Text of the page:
It’s hard to miss the India growth narrative in the market sentiments. From expectations of fast-paced growth in per capita income, to the rise of new middle-class or in the form of demographic dividend, growth expectations are strong across. One way to tap into this broad opportunity is to consider investing in consumption-focussed mutual funds. From Automobiles to Consumer Non-durables, Healthcare to Hotels, Pharmaceuticals to Media & Entertainment, these funds invest in companies where the growing disposable income is most likely to end up. While the premise sounds promising, we evaluate if the fund returns or even the index returns have beaten the broader market conclusively.

Nifty 50 Vs Nifty Consumption

The main benchmark for the category is Nifty India Consumption’s total return index (TRI) NSECON. This index picks 30 stocks based on free-float market capitalisation of companies in the consumption sector in the Nifty-500 universe. Any company’s weight is capped at 10 per cent. As on January 31, 2023, FMCG/Auto/Consumer durables/Telecom accounted for 37.7/18.5/16.2/9.7 per cent by weight. In terms of performance, Nifty-50 TRI returns have bettered NSECON on three-year and five-year periods by 136 bps and 260 bps respectively on a CAGR basis. It’s only in the last one year that NSECON managed to generate better returns compared with the broader index by 230 bps. But with active management, some funds have outperformed Nifty-50 index as well (see below).

One reason for the underperformance of NSECON could be attributed to Covid, supply disruption, input cost inflation — all impacting consumption stocks in the last three years more than the impact on the broader index, which gains from such disruption in certain pockets such as metals, commodities and export sectors.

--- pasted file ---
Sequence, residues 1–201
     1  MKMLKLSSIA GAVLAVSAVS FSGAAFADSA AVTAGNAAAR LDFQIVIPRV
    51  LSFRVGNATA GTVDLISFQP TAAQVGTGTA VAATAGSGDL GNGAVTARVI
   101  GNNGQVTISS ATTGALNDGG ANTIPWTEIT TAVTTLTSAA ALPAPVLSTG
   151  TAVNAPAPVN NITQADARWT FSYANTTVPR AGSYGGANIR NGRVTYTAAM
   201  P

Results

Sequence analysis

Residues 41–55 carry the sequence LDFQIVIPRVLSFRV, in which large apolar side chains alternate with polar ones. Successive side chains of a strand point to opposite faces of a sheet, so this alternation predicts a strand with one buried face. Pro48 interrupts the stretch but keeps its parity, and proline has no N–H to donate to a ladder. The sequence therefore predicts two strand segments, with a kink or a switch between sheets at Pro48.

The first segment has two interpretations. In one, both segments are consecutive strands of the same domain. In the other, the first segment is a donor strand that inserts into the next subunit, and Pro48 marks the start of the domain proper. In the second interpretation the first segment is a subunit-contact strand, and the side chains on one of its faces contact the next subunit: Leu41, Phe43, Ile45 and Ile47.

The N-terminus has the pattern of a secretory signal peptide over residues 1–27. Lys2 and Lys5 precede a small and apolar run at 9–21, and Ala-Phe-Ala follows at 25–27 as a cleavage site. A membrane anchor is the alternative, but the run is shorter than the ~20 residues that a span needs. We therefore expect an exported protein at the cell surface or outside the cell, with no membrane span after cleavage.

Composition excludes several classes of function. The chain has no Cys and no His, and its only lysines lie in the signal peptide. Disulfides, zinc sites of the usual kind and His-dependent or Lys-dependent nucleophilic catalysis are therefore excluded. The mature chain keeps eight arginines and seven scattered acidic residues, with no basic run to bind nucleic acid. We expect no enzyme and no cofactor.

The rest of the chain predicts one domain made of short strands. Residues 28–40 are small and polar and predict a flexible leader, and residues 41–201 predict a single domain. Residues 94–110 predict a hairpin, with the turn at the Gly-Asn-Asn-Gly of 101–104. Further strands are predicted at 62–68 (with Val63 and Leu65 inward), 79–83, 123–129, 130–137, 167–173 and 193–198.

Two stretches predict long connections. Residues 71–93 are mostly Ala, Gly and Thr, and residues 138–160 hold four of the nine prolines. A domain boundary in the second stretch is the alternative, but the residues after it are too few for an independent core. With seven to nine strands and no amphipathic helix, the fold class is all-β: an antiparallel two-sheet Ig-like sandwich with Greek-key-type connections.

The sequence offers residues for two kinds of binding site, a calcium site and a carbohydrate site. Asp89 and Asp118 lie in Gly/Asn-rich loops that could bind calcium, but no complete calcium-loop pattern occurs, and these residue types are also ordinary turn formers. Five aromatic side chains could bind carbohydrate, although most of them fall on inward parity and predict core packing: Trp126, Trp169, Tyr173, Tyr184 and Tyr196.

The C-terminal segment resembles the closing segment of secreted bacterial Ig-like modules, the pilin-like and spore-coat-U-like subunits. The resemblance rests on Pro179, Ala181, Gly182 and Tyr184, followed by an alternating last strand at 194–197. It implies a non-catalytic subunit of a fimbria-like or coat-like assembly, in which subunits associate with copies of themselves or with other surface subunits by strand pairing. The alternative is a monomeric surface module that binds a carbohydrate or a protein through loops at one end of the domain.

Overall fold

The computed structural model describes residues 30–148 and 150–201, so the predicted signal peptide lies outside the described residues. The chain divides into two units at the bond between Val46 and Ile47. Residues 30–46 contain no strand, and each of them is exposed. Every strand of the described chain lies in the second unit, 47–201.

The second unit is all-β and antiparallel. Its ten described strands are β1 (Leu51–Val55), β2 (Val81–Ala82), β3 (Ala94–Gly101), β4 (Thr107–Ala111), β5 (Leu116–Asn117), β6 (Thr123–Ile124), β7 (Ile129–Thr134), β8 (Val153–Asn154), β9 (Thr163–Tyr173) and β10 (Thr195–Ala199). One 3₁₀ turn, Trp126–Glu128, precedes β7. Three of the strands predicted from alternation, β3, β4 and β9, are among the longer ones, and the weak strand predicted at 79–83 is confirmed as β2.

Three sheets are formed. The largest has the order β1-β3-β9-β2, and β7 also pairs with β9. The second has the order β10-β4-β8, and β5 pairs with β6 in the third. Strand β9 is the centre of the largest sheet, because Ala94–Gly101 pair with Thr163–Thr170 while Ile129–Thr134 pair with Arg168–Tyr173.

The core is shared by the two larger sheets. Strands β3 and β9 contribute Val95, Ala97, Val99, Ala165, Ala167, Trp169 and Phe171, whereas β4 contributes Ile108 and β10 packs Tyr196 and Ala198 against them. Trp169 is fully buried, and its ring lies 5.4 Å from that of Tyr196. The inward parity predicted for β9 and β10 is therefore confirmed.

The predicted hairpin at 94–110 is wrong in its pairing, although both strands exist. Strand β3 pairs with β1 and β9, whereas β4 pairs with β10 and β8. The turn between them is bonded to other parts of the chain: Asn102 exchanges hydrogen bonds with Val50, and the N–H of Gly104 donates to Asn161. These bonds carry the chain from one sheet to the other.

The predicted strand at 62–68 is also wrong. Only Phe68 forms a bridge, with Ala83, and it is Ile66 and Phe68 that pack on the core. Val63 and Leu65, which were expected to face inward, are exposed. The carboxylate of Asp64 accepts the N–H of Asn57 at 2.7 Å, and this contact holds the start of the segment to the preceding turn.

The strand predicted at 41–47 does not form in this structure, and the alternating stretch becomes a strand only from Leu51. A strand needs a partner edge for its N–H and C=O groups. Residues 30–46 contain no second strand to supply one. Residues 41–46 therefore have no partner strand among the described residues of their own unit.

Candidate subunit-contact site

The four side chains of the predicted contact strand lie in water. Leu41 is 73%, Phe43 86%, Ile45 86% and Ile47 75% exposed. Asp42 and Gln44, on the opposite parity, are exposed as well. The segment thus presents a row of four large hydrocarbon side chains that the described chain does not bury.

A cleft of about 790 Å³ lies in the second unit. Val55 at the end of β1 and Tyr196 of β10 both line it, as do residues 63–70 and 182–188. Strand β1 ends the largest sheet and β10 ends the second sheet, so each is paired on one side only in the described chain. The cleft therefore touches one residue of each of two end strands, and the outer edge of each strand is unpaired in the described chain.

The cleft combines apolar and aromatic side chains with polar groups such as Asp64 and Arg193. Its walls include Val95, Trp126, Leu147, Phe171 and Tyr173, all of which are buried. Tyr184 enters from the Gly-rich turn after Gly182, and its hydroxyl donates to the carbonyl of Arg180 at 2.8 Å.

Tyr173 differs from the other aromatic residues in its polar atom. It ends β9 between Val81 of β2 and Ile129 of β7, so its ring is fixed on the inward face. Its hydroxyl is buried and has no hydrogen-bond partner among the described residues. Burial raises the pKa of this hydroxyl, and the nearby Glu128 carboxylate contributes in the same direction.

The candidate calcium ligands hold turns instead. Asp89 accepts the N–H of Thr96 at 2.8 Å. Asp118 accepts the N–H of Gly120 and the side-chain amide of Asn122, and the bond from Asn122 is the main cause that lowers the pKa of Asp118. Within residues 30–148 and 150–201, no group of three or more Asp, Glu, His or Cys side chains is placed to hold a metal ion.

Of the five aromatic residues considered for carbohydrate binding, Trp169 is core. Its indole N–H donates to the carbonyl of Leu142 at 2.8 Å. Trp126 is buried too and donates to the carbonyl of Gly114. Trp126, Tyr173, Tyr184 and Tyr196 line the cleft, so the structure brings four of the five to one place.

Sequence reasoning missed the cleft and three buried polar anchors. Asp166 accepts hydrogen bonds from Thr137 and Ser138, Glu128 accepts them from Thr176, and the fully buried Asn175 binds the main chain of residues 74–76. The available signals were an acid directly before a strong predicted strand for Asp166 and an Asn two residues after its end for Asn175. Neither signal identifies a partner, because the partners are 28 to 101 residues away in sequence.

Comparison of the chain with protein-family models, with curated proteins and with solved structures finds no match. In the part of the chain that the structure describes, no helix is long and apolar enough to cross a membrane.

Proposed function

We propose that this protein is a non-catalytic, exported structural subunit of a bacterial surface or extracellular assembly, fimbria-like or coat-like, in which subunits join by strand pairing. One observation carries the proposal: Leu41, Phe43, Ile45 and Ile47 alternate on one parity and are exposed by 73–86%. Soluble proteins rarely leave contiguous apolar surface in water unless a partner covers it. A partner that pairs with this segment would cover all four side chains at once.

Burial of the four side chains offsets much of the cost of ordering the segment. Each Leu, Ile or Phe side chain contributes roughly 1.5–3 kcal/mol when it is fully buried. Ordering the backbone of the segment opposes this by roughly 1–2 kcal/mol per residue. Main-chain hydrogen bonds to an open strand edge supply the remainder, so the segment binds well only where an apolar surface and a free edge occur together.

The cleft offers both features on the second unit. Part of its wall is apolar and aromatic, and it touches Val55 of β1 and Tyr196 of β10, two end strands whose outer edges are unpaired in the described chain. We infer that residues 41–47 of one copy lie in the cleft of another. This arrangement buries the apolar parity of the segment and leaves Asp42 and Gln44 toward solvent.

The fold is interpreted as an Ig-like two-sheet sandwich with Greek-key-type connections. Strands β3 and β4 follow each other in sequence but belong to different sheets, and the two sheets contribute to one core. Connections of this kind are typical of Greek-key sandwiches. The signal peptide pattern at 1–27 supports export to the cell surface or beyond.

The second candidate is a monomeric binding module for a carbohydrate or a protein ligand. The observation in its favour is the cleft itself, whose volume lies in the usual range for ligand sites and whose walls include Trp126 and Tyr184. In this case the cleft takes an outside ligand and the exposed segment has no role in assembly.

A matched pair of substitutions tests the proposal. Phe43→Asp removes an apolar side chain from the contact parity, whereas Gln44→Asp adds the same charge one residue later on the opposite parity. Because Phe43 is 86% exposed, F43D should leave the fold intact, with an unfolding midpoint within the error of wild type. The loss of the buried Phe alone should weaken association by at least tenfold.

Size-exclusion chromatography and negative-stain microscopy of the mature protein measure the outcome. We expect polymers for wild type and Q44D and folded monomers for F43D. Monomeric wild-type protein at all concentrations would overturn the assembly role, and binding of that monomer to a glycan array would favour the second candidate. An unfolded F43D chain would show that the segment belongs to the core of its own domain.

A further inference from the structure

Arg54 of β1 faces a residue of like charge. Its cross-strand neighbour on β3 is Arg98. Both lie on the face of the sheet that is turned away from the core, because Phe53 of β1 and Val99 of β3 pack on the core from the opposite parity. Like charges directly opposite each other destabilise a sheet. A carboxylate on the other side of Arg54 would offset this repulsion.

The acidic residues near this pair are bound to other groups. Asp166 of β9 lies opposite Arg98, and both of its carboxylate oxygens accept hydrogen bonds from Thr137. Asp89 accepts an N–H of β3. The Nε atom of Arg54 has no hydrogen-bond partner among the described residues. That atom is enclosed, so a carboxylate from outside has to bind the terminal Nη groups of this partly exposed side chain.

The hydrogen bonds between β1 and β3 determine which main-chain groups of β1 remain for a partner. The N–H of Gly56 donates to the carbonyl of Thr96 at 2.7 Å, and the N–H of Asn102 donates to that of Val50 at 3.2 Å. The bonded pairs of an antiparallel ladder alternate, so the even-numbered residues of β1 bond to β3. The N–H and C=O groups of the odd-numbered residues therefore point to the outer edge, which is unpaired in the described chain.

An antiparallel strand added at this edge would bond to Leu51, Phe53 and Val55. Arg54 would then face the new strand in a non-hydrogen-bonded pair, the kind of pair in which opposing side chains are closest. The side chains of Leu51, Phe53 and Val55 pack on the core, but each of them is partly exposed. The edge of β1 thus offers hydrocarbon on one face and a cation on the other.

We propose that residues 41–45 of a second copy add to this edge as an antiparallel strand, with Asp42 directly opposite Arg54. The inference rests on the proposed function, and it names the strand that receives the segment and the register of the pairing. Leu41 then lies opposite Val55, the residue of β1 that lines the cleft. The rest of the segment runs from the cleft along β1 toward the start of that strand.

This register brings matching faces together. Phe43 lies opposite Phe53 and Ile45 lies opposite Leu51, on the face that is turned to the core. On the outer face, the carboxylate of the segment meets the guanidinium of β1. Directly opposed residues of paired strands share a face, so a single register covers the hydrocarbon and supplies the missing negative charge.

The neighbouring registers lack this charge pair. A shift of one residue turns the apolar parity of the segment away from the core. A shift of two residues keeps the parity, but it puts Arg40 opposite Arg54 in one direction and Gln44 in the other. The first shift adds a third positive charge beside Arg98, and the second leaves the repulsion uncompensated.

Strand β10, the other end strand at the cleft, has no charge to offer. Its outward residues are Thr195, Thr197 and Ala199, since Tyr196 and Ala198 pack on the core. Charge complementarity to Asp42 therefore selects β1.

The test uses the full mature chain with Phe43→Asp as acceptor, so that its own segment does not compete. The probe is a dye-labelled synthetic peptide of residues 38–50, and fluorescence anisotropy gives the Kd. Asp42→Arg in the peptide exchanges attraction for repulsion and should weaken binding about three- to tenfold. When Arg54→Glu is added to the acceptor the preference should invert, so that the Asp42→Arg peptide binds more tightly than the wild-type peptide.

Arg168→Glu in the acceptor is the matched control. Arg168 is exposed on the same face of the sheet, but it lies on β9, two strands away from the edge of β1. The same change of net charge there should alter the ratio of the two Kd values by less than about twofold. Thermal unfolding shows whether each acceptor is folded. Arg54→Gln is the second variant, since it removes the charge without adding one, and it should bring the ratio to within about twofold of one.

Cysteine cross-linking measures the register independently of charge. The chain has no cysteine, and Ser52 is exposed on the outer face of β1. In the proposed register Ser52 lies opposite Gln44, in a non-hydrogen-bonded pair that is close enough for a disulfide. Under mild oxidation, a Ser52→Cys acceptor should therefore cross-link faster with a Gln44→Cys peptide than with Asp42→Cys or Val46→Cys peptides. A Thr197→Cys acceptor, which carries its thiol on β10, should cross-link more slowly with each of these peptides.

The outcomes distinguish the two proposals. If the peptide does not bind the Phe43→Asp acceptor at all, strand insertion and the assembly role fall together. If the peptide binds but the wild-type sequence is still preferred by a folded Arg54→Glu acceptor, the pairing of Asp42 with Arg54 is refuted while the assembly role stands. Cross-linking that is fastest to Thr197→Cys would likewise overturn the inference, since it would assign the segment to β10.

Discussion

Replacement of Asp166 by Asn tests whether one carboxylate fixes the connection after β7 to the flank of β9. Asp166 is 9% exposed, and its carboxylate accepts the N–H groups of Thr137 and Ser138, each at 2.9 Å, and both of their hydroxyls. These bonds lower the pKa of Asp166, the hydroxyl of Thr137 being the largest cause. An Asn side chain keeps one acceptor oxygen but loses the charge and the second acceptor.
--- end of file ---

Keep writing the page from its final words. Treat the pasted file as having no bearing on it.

Most consumption stocks trade at higher valuations, again owing to the under-penetration of consumption in Indian markets. NSECON trades at 34 times one-year forward earnings compared with 21 times for Nifty-50. But in the last three years, this multiple increased 16 per cent for Nifty-50 compared with 10 per cent for NSECON.

Fund performance

There are 14 funds operating in the consumption-based theme. Performance wise, half the funds have outperformed NSECON. This points to a significant scope for active management in the sector which most funds adhere to. Over a five-year period, only two funds have outperformed Nifty-50 — Canara Robeco Consumer Trends fund and Nippon India Consumption fund by 130 and 30 bps respectively. But just as the index, most funds have outperformed the broader Nifty-50 index in the last one year. ICICI Pru FMCG Fund and SBI Consumption Opportunities Fund have significantly outperformed Nifty-50 by 1,700 bps and 800 bps respectively in the last one year.

As consumption stocks overcome input cost inflation that immediately followed a period of volume recovery from Covid (restricting price pass-throughs), they should deliver better returns on possible deflation of commodity prices including oil, chemicals, raw materials and logistics costs.

Sector allocation

The current allocation amongst the leading funds is veered towards consumer non-durables led by ITC Ltd and Hindustan Unilever, which figure amongst the top-three holdings for all the leading funds. Overall, consumer non-durables accounts for the largest share in these mutual funds. Even though the benchmark index barely has banks/financial stocks, the funds have included BFSI segment led by ICICI Bank and HDFC Bank. Over the last five years, ICICI Bank has edged past HDFC bank in terms of allocation in the funds. With banks themselves veered towards retail credit growth over corporate credit, the consumption theme might be explored from credit growth angle with allocation to banks. But in the fund allocation, conspicuous by their absence are real estate companies or allied segments. None of the developers figure in the top holding of any of the mutual funds. But the Auto demand is reflected with allocation in the top-10 holdings. Amongst the Auto stocks, Maruti followed by M&M and TVS are in favour.

Considering a possible slowdown in input costs, consumption-themed mutual funds may be well positioned to deliver better returns. Also, the possible overheating in the broader markets in terms of forward valuations might work in favour of these mutual funds as valuations undergo mean reversion. Amongst the funds, Canara Robeco with a long-term outperformance against Nifty-50 and NSECON may be better placed. The fund overweight to consumer non-durables can benefit from any possible decline in raw material costs.